Take the 2-minute tour ×
Super User is a question and answer site for computer enthusiasts and power users. It's 100% free, no registration required.

I just installed archlinux x64, previously I used a 32-bit Debian. The old operating system still exists (nearly) unmodified, as I bought new disks.

On Arch, but also on Debian, I tried to start mysqld with their respective commands. On both systems it just hangs until it finally gives up and reports failure.

I moved the database from its original location to another path a few months ago, because I was running out of space. I adjusted my.cnf accordingly:

datadir         = /mnt/media/mysql_db

/mnt/media is the exact same LVM drive for both systems. So I mounted it on the new system and it complained about some mysql-bin.index missing, so I copied that file from /var/lib/mysql (it assume it was created when I first ran mysqld with an unmodified configuration). After that it complained about other mysql-bin.* files, so I copied all of them. This is the only modification, I made to the original folder.

Trying to start again, the logfile /mnt/media/mysql_db/hostname.err did not even get touched anymore. I checked /var/log and any other location I could think of, but no file gets touched by mysql. So now the start commands fails but does not give notice to me why.

So I tried booting into my old system, but here same thing now. I deleted those mysql-bin.* files again, since they weren't intially there anyway, but it still failes and does not give any output.

Any idea how to limit my search or find a solution?

share|improve this question
add comment

1 Answer

up vote 1 down vote accepted

I cannot test this at the moment, but it could be a permission problem.

Make sure that the correct ownership and file permissions are set on the datadir and all of the files within it.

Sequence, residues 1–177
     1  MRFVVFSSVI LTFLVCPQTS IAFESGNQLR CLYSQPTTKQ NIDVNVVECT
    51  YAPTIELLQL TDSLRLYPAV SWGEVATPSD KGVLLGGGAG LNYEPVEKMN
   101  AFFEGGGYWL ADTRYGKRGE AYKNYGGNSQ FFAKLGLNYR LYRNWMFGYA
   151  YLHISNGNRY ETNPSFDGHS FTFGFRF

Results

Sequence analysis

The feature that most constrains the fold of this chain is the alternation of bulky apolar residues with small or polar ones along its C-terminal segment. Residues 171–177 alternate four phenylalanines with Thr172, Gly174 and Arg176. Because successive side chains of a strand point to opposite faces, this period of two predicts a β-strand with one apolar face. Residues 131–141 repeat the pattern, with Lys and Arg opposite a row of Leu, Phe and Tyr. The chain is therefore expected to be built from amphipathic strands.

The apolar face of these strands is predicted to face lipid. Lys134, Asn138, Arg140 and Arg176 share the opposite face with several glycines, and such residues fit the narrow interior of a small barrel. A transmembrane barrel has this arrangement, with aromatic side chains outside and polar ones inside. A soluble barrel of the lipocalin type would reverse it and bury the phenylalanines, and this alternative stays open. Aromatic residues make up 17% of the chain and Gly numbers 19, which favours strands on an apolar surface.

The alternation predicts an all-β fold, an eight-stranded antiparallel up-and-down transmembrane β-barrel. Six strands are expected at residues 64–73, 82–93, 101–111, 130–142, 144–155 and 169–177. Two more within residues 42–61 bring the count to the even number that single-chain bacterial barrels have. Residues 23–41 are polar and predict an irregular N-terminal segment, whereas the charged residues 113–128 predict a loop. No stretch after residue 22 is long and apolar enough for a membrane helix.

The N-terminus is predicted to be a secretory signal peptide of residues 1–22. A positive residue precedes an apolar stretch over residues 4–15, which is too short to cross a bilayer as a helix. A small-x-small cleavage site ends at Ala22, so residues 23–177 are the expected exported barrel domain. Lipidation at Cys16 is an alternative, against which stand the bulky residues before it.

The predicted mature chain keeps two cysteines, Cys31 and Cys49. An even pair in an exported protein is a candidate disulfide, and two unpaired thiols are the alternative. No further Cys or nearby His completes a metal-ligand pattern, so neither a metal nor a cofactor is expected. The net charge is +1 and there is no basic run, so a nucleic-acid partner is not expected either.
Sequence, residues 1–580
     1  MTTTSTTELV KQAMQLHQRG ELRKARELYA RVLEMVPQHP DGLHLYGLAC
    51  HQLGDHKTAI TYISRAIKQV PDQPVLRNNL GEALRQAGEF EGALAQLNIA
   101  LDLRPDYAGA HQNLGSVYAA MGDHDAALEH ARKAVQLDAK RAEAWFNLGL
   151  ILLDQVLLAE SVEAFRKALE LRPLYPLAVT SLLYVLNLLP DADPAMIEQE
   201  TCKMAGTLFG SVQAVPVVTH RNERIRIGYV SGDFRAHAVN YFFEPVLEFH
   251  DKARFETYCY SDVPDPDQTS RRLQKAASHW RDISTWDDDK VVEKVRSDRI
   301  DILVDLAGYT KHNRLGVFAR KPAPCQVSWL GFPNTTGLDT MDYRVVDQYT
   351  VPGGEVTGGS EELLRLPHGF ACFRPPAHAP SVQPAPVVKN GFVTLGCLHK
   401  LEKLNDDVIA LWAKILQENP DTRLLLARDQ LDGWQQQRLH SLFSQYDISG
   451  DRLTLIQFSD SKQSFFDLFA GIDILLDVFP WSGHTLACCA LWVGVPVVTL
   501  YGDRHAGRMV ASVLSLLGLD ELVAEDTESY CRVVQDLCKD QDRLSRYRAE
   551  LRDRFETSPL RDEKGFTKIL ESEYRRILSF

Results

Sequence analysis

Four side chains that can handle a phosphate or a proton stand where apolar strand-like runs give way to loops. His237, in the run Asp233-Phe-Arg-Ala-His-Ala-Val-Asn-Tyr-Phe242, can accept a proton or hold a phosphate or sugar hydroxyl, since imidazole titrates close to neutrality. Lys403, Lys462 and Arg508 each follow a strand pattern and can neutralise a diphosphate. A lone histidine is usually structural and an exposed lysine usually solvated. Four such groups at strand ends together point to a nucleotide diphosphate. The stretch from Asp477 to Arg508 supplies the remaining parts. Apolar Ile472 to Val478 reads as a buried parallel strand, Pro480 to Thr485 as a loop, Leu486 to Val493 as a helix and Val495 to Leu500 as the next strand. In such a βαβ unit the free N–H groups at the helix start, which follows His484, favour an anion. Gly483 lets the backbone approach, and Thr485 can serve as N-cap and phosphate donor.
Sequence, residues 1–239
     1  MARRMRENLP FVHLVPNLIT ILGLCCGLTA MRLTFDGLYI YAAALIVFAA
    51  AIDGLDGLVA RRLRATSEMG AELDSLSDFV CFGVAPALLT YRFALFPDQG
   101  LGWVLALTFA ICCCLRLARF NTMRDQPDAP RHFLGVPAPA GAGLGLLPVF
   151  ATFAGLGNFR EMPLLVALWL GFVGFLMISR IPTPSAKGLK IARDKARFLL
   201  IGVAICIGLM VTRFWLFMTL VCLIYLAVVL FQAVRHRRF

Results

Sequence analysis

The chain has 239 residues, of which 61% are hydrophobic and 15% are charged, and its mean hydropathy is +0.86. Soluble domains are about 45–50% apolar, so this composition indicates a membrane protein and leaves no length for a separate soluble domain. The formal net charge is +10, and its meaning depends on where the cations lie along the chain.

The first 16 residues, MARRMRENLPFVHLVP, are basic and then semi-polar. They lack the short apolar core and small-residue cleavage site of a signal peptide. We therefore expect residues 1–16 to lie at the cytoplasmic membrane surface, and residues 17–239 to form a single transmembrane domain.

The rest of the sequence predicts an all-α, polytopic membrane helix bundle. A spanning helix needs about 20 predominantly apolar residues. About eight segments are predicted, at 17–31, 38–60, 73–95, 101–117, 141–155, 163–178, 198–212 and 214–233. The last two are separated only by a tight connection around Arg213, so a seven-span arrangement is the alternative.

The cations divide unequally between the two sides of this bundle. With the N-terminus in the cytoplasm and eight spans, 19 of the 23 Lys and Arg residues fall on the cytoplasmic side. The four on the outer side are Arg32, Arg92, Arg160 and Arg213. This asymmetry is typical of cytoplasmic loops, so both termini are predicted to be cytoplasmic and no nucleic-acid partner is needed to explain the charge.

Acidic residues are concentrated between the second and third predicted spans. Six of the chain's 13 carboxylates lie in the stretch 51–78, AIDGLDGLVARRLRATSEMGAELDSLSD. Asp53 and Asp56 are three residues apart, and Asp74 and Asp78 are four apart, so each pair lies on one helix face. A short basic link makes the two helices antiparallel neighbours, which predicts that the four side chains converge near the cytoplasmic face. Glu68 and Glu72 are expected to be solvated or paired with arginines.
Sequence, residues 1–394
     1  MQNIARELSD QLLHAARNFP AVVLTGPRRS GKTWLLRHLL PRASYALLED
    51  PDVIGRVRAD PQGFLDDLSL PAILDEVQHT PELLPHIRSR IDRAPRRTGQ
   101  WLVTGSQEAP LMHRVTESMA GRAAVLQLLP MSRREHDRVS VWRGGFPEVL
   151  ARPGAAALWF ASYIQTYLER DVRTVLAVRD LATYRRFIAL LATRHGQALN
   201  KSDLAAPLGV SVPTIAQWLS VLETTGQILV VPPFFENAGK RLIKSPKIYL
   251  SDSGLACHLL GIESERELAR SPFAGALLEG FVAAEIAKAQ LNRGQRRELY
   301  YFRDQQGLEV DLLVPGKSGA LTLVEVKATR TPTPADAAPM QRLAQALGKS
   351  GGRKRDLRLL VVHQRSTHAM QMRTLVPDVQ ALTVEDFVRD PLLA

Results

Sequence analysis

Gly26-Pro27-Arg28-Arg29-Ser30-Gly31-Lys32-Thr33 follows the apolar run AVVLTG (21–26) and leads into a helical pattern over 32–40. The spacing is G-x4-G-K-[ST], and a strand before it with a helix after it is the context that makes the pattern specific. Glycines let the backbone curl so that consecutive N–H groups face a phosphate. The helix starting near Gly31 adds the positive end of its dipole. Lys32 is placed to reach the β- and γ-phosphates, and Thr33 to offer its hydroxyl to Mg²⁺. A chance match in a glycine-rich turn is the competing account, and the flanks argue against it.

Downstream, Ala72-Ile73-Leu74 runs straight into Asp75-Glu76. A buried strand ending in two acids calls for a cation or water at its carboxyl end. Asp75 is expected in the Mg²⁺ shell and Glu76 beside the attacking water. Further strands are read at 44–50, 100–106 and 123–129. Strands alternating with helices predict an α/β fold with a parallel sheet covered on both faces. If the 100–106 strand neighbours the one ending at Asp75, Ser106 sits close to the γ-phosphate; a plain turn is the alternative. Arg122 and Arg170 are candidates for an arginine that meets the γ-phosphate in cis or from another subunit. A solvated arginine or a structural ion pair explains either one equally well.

The mysql user should own the datadir and permissions on the datadir should be 700 (or drwx------). The mysql user should also own the sub-directories and database files within the datadir. Directories should have their permissions set to 700 (or drwx------) and database files should have their permissions set to 660 (or -rw-rw----). This can all be confirmed with ls -l.

If any permissions are set incorrectly (ie: if you copied the files as root, root now owns them), correct them with chown and chmod.


To change the ownership of a file/directory to mysql, use the following:

chown mysql:mysql /path/to/file

To change the permissions on a file/directory, use the following:

chmod 660 /path/to/file

replacing 660 to the permision you want to set.

share|improve this answer
    
Yes! I changed the permissions for the new system, but forgot to revert them for the old. Now I can just chroot into my old system and start mysqld from there. Thank you for the idea. –  javex Aug 1 '12 at 6:24
add comment

Your Answer

 
discard

By posting your answer, you agree to the privacy policy and terms of service.

Not the answer you're looking for? Browse other questions tagged or ask your own question.